Today, along with , Julius Caesar is often taught in 9th grade classrooms as an introduction to Shakespeare. The relatively straightforward language and simplicity of plot make it a good starting point for students new to 16th-century drama. Julius Caesar is also considered to be the least sexy of Shakespeare's dramatic works, which, for some, makes it a "safe" option in classrooms full of teenagers.
Julius Caesar found this lesson out the hard way—to the tune of 33 stab wounds and a betrayal so scandalous, we're still talking about it two thousand years later.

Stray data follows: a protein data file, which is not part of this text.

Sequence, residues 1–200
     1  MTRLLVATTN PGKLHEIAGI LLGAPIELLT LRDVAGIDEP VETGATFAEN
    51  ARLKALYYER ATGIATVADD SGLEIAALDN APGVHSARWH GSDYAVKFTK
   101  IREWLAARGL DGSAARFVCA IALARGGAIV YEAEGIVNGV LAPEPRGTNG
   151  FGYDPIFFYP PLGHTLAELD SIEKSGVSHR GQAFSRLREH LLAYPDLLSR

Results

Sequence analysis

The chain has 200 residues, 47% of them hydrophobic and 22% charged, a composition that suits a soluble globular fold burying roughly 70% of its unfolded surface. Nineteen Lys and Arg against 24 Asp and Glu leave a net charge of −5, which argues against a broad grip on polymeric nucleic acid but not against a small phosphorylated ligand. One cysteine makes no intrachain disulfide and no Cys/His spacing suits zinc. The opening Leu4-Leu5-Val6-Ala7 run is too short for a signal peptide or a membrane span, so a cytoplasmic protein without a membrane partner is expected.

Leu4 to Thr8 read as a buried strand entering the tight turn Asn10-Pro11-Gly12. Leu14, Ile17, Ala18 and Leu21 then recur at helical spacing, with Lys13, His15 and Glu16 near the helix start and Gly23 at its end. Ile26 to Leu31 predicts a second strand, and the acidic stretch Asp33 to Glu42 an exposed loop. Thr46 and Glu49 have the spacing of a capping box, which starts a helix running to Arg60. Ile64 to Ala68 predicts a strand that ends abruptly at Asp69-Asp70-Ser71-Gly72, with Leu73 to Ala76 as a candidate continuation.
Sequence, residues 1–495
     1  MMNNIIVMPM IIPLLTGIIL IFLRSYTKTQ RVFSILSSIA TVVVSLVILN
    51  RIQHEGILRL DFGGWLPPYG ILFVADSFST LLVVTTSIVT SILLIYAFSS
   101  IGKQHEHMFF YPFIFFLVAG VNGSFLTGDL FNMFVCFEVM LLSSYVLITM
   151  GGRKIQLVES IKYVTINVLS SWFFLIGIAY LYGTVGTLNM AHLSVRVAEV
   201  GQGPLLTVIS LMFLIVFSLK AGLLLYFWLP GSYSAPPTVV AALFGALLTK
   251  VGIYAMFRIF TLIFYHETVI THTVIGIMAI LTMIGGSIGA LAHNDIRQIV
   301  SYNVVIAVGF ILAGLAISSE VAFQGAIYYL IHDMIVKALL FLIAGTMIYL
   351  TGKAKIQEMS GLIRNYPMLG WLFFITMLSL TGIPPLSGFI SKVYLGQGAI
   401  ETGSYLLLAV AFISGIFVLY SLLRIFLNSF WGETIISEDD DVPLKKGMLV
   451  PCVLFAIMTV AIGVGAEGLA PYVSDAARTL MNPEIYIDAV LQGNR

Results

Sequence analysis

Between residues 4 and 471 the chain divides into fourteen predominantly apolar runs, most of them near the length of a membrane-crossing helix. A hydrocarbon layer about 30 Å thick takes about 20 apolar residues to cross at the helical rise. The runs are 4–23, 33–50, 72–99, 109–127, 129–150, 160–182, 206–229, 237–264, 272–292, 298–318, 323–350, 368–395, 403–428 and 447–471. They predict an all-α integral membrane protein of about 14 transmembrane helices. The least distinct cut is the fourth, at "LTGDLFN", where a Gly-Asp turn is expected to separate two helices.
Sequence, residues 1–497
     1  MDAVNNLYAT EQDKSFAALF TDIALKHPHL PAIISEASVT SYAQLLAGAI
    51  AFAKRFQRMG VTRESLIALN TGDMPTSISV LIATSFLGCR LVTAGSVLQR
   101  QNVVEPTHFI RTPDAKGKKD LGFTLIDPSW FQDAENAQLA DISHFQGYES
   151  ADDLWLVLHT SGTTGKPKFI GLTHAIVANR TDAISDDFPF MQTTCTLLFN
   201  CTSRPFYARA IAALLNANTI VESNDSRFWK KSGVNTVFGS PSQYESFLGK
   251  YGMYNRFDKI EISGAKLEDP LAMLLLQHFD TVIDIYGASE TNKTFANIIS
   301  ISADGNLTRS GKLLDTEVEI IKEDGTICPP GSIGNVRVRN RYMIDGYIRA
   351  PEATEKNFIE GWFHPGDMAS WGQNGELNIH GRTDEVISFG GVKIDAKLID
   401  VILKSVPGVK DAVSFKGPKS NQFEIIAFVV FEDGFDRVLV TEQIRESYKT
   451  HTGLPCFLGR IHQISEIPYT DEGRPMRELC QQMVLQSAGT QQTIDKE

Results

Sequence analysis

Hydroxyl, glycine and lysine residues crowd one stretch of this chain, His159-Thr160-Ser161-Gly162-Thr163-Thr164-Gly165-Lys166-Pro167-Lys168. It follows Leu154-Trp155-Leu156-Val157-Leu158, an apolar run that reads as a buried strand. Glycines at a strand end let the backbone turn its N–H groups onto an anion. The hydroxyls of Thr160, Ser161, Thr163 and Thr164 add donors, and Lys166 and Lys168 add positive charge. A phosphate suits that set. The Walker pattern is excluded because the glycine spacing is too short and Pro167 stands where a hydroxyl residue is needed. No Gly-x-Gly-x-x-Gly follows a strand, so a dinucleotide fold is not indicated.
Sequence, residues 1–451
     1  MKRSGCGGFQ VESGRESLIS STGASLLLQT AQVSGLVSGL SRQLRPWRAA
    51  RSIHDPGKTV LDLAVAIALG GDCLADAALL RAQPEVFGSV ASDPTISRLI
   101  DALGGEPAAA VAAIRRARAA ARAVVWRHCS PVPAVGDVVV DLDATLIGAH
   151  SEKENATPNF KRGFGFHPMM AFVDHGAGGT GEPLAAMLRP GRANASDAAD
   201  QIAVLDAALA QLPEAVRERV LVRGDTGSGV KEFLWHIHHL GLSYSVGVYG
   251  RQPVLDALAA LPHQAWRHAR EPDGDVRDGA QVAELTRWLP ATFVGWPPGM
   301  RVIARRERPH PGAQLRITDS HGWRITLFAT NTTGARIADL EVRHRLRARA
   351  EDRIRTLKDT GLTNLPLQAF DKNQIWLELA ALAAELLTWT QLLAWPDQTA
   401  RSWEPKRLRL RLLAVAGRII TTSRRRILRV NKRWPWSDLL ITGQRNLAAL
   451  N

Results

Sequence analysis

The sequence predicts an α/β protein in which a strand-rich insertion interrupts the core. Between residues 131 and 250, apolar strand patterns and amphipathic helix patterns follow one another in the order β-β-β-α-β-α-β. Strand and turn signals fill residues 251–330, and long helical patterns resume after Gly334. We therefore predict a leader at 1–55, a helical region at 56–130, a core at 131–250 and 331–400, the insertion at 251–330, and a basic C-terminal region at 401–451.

Eye witness account of the death of Julius Caesar
Julius Caesar is a tragedy by , written sometime around 1599. As movie posters and book covers like to say, the play is "based on a true story": the historical events surrounding the conspiracy against the ancient Roman leader (c.100-44B.C.) and the civil war that followed his death. Shakespeare portrays Caesar's assassination on the Ides of March (March 15) by a group of conspirators who feared the ambitious leader would turn the Roman Republic into a tyrannical monarchy.